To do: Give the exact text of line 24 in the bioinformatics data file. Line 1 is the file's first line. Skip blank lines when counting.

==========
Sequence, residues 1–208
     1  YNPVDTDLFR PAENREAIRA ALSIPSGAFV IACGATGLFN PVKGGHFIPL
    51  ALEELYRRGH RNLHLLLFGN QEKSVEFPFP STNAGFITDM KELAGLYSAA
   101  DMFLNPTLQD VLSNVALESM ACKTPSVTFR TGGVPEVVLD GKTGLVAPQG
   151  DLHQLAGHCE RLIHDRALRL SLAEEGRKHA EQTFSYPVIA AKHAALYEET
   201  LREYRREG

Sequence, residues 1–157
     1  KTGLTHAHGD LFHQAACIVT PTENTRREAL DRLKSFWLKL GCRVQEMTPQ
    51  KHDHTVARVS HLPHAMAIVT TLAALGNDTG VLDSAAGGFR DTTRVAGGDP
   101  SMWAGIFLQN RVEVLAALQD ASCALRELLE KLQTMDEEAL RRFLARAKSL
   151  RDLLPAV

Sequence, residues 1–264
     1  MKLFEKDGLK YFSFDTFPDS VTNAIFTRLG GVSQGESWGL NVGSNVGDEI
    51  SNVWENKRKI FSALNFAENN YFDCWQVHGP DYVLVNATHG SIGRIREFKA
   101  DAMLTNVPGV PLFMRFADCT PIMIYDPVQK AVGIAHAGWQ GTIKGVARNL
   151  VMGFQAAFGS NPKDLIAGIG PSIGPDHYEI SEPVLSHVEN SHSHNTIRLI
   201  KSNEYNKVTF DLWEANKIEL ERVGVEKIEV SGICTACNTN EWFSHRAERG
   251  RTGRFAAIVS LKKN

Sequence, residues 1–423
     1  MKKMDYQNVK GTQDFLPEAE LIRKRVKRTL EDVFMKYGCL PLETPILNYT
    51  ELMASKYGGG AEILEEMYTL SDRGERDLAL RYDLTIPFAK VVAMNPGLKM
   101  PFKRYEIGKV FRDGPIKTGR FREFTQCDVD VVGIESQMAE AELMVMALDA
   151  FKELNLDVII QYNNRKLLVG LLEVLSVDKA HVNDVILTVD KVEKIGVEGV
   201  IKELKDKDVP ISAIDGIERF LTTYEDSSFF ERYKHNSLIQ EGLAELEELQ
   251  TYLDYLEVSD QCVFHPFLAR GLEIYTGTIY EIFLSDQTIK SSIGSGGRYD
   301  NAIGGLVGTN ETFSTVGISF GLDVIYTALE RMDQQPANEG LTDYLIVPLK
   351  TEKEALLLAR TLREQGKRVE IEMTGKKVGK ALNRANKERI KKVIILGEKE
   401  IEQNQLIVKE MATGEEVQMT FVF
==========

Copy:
   201  IKELKDKDVP ISAIDGIERF LTTYEDSSFF ERYKHNSLIQ EGLAELEELQ